Two simple phrases are all you need to evoke the absurdity of war and of life: "catch-22" and "So it goes." The two 1960s works that gave us these now-indispensable phrases, Joseph Heller's Catch-22 and Kurt Vonnegut's Slaughterhouse Five, changed our idea of what a war novel could be: irreverent, caustic, comic, yet brutally realistic. Four years after Vonnegut's death, we have bestselling author (Mockingbird) Charles J. Shields's And So It Goes: Kurt Vonnegut: A Life; the 50th anniversary of Catch-22's publication brings Just One Catch: A Biography of Joseph Heller by Donald Barthelme's biographer, Tracy Daugherty.
And since publishers are gluttons for anniversaries, we also look forward to the 2012 bicentennial of the birth of the quintessential Victorian novelist in Charles Dickens: A Life by the multiaward-winning Claire Tomalin.
On a more morbid note, it is five decades since Ernest Hemingway's suicide, and NBCC-award winner Paul Hendrickson gives some insight into that tragic event in Hemingway's Boat: Everything He Loved in Life and Lost, 1934–1961.
No anniversary is required for Herbert Leibowitz's much anticipated life of one of America's greatest poets, "Something Urgent I Have to Say to You": The Life and Works of William Carlos Williams.
We still know little about the inner life of first lady Pat Nixon. Mrs. Nixon: A Novelist Imagines a Life is neither a biography nor a work of fiction. It is something more original: Beattie starts with actual facts and then lets her imagination run wild, illuminating the workings of fiction and the writer's creative process.
Someone who well understood both fiction and the creative process was Lionel Trilling. It's almost inconceivable that a classic work by one of the pre-eminent literary critics of his time could ever have been out of print. But that was the case for Trilling's The Liberal Imagination (recently reissued by New York Review Books). Why should it matter? Adam Kirsch, a senior editor at the New Republic, tells us in Why Trilling Matters in a time when many fear literature is in decline.
The equally eminent John Berger has ranged in his writings from Booker-winning fiction and art criticism to sociology. In Bento's Sketchbook, he brings the arts of seeing and reading together in discussing art as a form of storytelling that can allow us to see the world in new ways.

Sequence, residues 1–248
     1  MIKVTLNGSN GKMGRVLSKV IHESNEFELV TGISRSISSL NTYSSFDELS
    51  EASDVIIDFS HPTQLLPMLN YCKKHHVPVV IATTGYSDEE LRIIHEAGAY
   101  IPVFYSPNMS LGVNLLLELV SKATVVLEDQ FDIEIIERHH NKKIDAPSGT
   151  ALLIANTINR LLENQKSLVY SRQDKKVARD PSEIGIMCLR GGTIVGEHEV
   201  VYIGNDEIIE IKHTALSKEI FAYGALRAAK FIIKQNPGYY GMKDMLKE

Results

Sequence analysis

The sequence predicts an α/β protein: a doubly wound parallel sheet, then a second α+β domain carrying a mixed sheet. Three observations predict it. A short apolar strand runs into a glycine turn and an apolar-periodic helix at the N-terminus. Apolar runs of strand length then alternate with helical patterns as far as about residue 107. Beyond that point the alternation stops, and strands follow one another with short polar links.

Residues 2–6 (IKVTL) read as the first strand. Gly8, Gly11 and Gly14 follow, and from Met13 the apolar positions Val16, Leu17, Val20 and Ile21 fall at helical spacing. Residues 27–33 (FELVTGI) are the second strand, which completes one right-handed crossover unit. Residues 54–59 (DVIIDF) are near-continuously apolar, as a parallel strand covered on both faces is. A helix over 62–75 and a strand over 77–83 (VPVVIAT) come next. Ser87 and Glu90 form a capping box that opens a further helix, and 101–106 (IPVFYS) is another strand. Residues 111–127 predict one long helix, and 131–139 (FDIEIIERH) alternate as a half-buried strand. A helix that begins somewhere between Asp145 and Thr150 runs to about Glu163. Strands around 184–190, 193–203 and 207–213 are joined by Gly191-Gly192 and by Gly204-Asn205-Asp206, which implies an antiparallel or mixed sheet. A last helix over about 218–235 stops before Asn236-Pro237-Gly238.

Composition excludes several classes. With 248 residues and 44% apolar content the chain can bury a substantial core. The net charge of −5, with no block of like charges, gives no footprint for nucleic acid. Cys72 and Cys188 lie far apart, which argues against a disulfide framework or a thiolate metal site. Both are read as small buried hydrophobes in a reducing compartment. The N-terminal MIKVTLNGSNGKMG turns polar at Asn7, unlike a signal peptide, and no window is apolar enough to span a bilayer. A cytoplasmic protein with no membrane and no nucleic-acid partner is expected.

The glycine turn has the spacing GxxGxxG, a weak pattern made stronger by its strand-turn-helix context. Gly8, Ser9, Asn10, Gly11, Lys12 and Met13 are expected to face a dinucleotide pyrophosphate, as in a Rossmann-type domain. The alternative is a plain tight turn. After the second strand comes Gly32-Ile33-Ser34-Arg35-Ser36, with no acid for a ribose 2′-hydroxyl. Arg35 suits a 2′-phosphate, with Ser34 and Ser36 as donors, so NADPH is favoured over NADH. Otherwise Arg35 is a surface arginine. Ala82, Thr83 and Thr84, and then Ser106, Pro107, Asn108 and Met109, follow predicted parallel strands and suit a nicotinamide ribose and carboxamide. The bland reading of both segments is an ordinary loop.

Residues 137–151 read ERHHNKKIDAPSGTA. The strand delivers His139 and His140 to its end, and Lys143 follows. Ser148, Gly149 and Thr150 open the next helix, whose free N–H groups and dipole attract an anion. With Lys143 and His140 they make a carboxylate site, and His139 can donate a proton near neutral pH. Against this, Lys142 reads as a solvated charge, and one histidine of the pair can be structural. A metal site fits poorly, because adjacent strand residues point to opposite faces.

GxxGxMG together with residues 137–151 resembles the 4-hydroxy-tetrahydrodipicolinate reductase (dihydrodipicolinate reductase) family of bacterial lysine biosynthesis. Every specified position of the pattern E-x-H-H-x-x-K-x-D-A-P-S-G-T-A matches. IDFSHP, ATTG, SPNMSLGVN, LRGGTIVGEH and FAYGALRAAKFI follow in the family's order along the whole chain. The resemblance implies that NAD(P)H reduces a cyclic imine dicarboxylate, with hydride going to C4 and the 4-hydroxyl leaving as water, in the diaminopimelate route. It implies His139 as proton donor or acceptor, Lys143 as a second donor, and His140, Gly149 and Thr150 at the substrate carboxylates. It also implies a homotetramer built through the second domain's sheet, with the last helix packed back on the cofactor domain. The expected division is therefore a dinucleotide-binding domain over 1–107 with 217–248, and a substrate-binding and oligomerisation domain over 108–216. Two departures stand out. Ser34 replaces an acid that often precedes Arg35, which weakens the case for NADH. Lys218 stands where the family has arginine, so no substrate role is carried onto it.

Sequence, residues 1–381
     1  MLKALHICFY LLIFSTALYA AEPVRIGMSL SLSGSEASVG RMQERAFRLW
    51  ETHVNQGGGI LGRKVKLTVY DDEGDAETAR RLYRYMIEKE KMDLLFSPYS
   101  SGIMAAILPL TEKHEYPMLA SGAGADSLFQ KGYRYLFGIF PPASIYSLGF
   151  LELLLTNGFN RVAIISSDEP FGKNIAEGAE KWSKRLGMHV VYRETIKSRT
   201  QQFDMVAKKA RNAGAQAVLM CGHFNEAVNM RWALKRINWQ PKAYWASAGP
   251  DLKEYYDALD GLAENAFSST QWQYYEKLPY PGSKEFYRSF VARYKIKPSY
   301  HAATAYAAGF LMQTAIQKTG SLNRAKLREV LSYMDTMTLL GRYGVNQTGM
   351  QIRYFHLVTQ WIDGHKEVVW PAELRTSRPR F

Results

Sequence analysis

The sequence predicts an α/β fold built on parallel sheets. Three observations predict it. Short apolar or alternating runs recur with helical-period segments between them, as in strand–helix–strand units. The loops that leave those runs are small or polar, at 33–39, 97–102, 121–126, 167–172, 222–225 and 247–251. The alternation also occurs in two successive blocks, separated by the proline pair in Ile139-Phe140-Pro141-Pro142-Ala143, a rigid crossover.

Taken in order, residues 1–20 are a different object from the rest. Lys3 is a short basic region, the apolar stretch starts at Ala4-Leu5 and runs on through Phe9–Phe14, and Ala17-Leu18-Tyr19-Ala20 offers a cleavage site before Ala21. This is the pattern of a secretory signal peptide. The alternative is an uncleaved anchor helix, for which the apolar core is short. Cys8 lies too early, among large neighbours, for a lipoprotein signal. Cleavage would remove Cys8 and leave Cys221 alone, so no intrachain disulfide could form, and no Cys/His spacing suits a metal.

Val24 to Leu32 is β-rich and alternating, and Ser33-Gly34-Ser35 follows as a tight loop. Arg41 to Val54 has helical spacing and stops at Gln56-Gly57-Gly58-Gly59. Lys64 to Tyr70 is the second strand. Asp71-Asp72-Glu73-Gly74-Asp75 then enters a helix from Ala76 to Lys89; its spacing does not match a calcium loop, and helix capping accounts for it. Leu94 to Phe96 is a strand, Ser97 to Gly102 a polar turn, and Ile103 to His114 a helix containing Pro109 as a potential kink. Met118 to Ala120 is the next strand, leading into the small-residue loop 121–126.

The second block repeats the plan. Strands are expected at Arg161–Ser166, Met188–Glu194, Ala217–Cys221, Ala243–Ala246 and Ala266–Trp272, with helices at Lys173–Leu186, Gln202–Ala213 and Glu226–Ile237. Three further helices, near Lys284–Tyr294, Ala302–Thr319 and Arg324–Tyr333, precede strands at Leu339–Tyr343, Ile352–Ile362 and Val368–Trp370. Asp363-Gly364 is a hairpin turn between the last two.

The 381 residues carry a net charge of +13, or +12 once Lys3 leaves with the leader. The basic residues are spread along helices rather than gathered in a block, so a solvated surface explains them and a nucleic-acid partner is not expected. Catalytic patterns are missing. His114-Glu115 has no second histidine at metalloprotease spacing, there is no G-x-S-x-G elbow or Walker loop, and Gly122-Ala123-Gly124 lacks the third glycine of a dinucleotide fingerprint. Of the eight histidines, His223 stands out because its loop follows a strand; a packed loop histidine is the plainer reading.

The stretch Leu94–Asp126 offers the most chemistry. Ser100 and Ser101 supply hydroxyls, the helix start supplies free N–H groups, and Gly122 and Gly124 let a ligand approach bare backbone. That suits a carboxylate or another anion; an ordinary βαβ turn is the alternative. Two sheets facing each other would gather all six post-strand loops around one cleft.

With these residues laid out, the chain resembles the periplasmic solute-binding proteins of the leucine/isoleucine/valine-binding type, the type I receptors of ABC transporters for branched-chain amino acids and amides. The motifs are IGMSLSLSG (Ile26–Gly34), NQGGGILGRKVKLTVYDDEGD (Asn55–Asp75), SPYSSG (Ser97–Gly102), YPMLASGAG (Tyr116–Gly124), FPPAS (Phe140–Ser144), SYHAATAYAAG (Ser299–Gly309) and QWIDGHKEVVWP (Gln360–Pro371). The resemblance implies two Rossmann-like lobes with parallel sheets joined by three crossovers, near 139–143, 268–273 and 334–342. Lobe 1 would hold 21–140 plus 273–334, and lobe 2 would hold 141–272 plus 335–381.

John Jeremiah Sullivan is the newest literary voice on this list. PW called the former sportswriter's first book, Blood Horses, "as remarkable as the finest horses it documents." Now a contributor to GQ and Harper's, Sullivan brings his unique voice and perspective to all areas of American culture in Pulphead.
Pomegranate Press has undoubtedly found a gem in Floating Worlds: The Letters of Edward Gorey and Peter F. Neumeyer. Gorey, whose inimitable illustrations are known to all, was contracted to illustrate a children's book by Neumeyer, and the two men shared both personal and intellectual companionship in a voluminous correspondence printed along with reproductions of decorated envelopes that Gorey sent to his friend. This will be a treasure trove to fans of both authors.
PW's Top 10 Literary Essays & Criticism
And So It Goes: Kurt Vonnegut: A Life
Charles J. Shields. Holt, Nov.
Just One Catch: A Biography of Joseph Heller
Tracy Daugherty. St. Martin's, Aug.
Charles Dickens: A Life
Claire Tomalin. Penguin Press, Oct.
Hemingway's Boat: Everything He Loved in Life and Lost, 1934–1961
Paul Hendrickson. Knopf, Sept.
"Something Urgent I Have to Say to You": The Life and Works of William Carlos Williams
Herbert Leibowitz. FSG, Oct.
Mrs. Nixon: A Novelist Imagines a Life
Ann Beattie. Scribner, Nov.
Why Trilling Matters
Adam Kirsch. Yale Univ., Sept.
John Berger, Pantheon, Nov.
John Jeremiah Sullivan. FSG, Oct.
Floating Worlds: The Letters of Edward Gorey and Peter F. Neumeyer
Edward St. John Gorey and Peter F. Neumeyer. Pomegranate, Sept.